Hong Kong protesters borrowed tactics from online multi-player games such as PLAYERUNKNOWN’S BATTLEGROUNDS (Pubg). They would leave supplies such as helmets, masks, umbrellas, water and first aid kits along the roadside for others to pick up.
In the beginning of the movement (June 2019), there were supplies stations at protest sites. Protesters communicated with each other using hand signs, so that supplies could be passed down a human chain to frontliners. But later police began to crack down on these supplies stations. As many protesters are from a generation that grew up with gaming, they very naturally had a tacit understanding with each other that led them to take up different positions during confrontations with the police. Supplies such as helmets, umbrellas, water and first-aid kits were left along the road side for frontliners to pick up as in Pubg.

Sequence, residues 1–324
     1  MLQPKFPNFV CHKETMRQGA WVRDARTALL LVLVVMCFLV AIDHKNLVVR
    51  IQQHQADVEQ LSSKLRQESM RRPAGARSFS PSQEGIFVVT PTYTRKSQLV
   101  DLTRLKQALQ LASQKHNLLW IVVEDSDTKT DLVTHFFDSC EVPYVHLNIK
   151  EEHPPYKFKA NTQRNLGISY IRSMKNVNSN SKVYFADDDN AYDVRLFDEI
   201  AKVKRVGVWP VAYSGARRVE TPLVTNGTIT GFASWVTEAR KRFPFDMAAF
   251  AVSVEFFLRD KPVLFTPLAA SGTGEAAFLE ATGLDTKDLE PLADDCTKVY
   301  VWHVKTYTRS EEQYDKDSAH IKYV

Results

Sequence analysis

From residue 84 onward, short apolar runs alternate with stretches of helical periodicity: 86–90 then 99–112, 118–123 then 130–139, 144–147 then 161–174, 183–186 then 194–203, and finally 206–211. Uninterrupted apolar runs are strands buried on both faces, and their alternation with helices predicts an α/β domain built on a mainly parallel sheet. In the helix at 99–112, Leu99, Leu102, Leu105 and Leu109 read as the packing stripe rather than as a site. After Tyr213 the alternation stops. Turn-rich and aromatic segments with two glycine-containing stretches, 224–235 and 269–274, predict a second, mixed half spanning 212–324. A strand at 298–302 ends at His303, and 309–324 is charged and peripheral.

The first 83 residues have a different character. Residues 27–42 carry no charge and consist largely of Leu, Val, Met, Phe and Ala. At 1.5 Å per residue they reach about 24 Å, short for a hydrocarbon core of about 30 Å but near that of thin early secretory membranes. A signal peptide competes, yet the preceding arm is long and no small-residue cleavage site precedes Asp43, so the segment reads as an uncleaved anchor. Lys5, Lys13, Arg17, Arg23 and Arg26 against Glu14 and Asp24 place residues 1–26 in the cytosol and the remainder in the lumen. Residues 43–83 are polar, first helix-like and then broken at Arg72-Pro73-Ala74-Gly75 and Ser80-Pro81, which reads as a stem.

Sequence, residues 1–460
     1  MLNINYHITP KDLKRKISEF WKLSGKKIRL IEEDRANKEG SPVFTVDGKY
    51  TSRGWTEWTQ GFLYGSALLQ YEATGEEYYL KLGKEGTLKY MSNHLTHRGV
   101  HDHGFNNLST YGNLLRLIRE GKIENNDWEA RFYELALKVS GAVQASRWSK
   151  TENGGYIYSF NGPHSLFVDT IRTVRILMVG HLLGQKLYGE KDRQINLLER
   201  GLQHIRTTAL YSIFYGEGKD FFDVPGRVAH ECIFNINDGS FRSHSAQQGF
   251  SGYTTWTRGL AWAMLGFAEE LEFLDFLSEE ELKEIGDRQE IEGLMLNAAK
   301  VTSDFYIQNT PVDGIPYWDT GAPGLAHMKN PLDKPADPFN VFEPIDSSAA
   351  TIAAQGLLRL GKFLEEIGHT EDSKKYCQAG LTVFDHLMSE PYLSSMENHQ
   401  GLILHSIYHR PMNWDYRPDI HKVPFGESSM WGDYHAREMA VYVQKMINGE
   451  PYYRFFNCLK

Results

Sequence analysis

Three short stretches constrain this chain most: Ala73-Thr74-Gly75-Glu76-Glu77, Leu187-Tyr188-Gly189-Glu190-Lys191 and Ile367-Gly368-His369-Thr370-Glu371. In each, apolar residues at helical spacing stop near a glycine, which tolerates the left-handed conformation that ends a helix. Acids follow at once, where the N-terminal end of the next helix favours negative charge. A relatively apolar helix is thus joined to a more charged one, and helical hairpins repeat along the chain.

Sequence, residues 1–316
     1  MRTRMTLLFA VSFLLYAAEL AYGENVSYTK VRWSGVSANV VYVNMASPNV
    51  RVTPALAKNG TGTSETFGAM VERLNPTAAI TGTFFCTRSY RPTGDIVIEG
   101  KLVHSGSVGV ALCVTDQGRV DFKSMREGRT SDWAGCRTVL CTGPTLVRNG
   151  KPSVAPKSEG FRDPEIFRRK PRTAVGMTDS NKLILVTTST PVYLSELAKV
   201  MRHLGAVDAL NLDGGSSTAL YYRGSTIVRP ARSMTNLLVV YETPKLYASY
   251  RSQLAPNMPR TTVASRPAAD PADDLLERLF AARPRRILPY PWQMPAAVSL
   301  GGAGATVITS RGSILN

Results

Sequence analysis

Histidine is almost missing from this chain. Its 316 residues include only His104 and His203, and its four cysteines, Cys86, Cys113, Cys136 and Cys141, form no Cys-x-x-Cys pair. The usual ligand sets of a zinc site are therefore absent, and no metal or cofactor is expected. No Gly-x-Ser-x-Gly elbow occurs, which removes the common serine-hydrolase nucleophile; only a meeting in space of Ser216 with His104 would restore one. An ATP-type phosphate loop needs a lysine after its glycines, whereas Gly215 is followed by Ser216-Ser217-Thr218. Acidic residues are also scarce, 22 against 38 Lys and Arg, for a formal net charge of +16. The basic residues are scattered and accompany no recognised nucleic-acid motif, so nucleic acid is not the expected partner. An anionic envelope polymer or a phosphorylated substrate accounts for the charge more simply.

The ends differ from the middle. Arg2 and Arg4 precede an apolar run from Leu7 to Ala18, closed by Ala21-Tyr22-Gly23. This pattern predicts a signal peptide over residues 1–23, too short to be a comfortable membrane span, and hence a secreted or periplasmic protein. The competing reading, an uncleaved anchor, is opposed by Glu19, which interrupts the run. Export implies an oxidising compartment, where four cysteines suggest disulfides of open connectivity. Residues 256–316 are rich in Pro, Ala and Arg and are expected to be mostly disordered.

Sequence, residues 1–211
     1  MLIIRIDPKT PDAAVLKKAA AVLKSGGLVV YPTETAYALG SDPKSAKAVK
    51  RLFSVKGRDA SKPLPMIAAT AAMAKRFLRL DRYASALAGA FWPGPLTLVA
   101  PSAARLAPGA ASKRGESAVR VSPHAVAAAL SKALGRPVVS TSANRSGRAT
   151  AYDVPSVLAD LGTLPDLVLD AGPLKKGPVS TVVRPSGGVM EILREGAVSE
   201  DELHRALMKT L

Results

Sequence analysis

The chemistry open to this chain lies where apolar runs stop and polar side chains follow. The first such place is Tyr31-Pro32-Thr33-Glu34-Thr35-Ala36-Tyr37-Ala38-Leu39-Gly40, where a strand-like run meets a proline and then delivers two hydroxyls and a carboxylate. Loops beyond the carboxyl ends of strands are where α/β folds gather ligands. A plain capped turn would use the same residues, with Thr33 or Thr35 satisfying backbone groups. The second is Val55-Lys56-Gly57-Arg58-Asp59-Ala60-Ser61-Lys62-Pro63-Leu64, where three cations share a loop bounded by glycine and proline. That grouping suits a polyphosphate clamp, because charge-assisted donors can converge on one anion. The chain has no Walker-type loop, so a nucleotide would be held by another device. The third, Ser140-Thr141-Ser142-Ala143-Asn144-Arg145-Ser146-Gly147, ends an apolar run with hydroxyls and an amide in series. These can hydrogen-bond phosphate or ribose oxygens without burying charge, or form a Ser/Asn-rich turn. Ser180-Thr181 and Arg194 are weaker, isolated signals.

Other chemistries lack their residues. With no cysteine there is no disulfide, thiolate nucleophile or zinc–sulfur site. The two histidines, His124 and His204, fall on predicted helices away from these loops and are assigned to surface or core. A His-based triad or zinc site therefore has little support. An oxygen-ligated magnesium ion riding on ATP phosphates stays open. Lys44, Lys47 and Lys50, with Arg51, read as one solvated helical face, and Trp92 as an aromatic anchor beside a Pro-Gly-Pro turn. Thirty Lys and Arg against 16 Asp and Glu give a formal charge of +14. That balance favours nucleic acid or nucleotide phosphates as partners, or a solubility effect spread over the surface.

In October 2019, a Japanese writer/journalist Minetoshi Yasuda for Bungeishunjū came to Hong Kong to research about the protest. After conducting a series of interviews with frontliners, he concluded that protesters were familiar with military tactics because many of them were players of survival games and fans of Japanese manga and anime. He called the protest movement ‘Otaku War’.